“Consume excess calories and you have to counterbalance them,” says Sara Haas, R.D.N., spokesperson for the Academy of Nutrition and Dietetics. “And it’s hard to get enough exercise in to undo the calories you’ll get in a double cheeseburger with French fries and a milk shake.”
Here are 5 reasons you need to align your nutrition with your fitness goals.
1. You’re not a professional athlete.
You just can’t justify a 1,300 calorie, high fat meal. You won’t make up for it tomorrow. Instead calculate how many calories you’re actually burning in comparison to the ones you’re taking in. “The majority of people are not serious athletes, meaning they don’t require the same type and amount of fuel as the pros,” says Haas. “Eating a calorically dense, high-carbohydrate meal or snack makes sense for a competitive cyclist about to endure a 100-mile road race, but it doesn’t make sense for someone who is about to take a two-mile jog around the block.”
Schedule in your cheat meals so that they don’t blow your fitness goals.
2. You’ll max out too soon if you’re overdoing it with the wrong foods.
To make significant changes you need intense exercise. You won’t have the physical endurance to push through tough workouts if your nutrition is lacking. Simple sugars burn too quickly and you won’t have the needed endurance. Also, according to Health.com, if you’re consuming high-fat foods in the evening, they could be disrupting your sleep, — which will leave you tired at the gym, if you even make it there.
You’ll need a combination of carbohydrates and protein to recover following a workout, as well as adequate carbs beforehand, too. Aim for 30 percent of your diet from protein, 40 percent from carbs and 30 percent from fat.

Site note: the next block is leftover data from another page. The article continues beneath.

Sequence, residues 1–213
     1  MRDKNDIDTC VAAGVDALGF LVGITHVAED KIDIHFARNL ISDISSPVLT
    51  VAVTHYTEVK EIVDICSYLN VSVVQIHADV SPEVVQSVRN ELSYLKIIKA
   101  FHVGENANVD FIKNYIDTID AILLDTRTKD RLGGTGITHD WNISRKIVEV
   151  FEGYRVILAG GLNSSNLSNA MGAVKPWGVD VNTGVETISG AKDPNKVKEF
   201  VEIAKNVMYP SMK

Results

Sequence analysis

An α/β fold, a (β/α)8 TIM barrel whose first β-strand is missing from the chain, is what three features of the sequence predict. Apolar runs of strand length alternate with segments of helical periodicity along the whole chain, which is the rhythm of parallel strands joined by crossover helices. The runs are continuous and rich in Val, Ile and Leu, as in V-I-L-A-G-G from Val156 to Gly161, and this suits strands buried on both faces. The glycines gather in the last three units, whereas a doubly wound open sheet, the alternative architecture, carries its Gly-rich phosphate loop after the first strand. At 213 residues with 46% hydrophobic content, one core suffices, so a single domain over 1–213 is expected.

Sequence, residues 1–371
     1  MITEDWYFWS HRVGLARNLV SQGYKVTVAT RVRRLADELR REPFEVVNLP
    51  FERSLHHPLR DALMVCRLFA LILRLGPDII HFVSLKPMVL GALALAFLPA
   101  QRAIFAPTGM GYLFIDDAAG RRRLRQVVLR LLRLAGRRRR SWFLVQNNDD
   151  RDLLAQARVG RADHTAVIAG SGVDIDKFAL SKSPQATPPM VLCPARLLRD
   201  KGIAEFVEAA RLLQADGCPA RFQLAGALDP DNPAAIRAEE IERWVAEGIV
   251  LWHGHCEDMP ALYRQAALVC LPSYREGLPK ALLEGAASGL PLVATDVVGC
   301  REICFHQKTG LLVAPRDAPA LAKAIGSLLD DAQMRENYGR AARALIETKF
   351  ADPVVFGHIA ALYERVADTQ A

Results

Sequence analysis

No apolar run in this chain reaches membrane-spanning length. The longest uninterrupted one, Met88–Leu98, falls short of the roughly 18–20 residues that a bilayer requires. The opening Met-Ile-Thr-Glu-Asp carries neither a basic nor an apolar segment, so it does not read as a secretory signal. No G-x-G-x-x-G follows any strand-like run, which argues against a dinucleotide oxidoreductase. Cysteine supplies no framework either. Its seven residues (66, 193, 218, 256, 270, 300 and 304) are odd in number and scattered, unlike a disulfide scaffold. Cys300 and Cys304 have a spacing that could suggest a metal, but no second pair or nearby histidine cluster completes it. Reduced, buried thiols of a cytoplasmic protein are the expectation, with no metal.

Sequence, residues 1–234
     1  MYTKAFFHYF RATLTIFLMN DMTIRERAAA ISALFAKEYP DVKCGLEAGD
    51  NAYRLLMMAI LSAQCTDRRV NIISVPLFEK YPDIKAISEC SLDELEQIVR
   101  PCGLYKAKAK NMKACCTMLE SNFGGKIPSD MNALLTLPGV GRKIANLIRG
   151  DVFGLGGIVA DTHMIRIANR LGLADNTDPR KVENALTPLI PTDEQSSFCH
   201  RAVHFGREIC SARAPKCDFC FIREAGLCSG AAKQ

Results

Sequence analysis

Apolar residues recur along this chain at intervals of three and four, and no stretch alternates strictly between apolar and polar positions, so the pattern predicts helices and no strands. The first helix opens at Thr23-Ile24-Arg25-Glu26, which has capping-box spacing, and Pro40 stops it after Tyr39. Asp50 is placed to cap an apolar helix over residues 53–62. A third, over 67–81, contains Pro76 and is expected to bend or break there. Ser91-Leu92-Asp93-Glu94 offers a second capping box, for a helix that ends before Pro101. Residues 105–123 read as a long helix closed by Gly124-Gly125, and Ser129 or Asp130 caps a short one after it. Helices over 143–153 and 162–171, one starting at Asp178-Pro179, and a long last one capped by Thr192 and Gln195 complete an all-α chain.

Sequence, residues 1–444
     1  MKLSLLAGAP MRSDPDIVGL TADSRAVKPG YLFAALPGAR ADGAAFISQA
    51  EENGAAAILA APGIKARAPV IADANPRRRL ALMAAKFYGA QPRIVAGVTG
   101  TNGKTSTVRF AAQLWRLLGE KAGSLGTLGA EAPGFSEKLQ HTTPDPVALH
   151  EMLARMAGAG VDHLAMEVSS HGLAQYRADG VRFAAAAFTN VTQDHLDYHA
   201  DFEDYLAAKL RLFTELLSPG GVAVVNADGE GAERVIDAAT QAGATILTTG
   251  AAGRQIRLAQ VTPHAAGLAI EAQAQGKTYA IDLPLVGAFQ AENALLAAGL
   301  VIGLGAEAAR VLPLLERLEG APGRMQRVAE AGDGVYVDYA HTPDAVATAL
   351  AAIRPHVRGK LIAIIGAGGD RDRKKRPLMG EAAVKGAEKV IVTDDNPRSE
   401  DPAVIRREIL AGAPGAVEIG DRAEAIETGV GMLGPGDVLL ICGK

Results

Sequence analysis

3. On the flipside, you won’t have the energy if you’re not eating enough.
A diet low in carbs and/calories is just as harmful to your workout plan as one that’s high in fat. A very restrictive eating plan, paired with hardcore exercise, could leave you leaning on muscle mass for energy. Not getting enough fat-soluble vitamins, like vitamins A and D, and essential fatty acids, like omega-3s, in particular leaves you unable to produce energy and grow muscle. You need fat and protein to build and maintain muscle.
Also, poor food choices make you feel sluggish and less likely to exercise.
5. Forget six pack abs.
Women tend to gain weight in the hips and thighs, while men pack it on around their midsection. So it doesn’t matter how much you work these areas, it will be covered by a layer of fat. Keeping your diet in check will help because to become truly toned, you’ll need to build muscle and burn more calories than you’re consuming at the same time.
6. You could get sick — or hurt.
Very restrictive diets like low-carb and low-fat mentally and physically draining and even have a negative impact on heart health. Following a chronic low-carb diet may lead to micronutrient deficiencies and increased inflammation throughout the body, which both make you more susceptible to injury. Studies have found that not taking in an adequate amount of healthy fats can raise your chances for overuse injuries (such as stress fractures and tendonitis) and it doesn’t allow your body to protect itself in order to stay healthy. Pair a low-fat diet with intense exercise which can lower your immunity even further.